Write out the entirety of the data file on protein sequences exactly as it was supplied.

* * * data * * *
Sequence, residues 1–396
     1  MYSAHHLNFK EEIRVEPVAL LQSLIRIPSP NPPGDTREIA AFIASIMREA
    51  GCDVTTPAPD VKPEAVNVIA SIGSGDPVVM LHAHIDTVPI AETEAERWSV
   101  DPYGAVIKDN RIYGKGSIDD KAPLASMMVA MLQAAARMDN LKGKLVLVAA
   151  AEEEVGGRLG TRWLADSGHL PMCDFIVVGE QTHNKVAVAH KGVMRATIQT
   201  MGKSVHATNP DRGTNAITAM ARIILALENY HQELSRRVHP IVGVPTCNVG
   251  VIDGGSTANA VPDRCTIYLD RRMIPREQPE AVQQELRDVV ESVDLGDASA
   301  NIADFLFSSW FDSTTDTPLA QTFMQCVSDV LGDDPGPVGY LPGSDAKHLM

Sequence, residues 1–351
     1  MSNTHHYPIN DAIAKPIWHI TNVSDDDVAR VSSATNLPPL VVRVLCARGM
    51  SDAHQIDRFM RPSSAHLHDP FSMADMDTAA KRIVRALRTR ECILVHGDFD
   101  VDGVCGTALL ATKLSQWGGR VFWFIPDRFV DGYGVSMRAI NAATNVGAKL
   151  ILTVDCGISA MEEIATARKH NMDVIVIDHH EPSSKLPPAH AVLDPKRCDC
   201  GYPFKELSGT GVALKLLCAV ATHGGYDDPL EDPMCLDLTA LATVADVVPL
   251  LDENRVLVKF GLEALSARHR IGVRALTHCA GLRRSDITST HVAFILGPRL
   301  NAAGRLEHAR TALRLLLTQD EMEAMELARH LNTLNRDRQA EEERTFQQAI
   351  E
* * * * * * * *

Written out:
Sequence, residues 1–396
     1  MYSAHHLNFK EEIRVEPVAL LQSLIRIPSP NPPGDTREIA AFIASIMREA
    51  GCDVTTPAPD VKPEAVNVIA SIGSGDPVVM LHAHIDTVPI AETEAERWSV
   101  DPYGAVIKDN RIYGKGSIDD KAPLASMMVA MLQAAARMDN LKGKLVLVAA
   151  AEEEVGGRLG TRWLADSGHL PMCDFIVVGE QTHNKVAVAH KGVMRATIQT
   201  MGKSVHATNP DRGTNAITAM ARIILALENY HQELSRRVHP IVGVPTCNVG
   251  VIDGGSTANA VPDRCTIYLD RRMIPREQPE AVQQELRDVV ESVDLGDASA
   301  NIADFLFSSW FDSTTDTPLA QTFMQCVSDV LGDDPGPVGY LPGSDAKHLM

Sequence, residues 1–351
     1  MSNTHHYPIN DAIAKPIWHI TNVSDDDVAR VSSATNLPPL VVRVLCARGM
    51  SDAHQIDRFM RPSSAHLHDP FSMADMDTAA KRIVRALRTR ECILVHGDFD
   101  VDGVCGTALL ATKLSQWGGR VFWFIPDRFV DGYGVSMRAI NAATNVGAKL
   151  ILTVDCGISA MEEIATARKH NMDVIVIDHH EPSSKLPPAH AVLDPKRCDC
   201  GYPFKELSGT GVALKLLCAV ATHGGYDDPL EDPMCLDLTA LATVADVVPL
   251  LDENRVLVKF GLEALSARHR IGVRALTHCA GLRRSDITST HVAFILGPRL
   301  NAAGRLEHAR TALRLLLTQD EMEAMELARH LNTLNRDRQA EEERTFQQAI
   351  E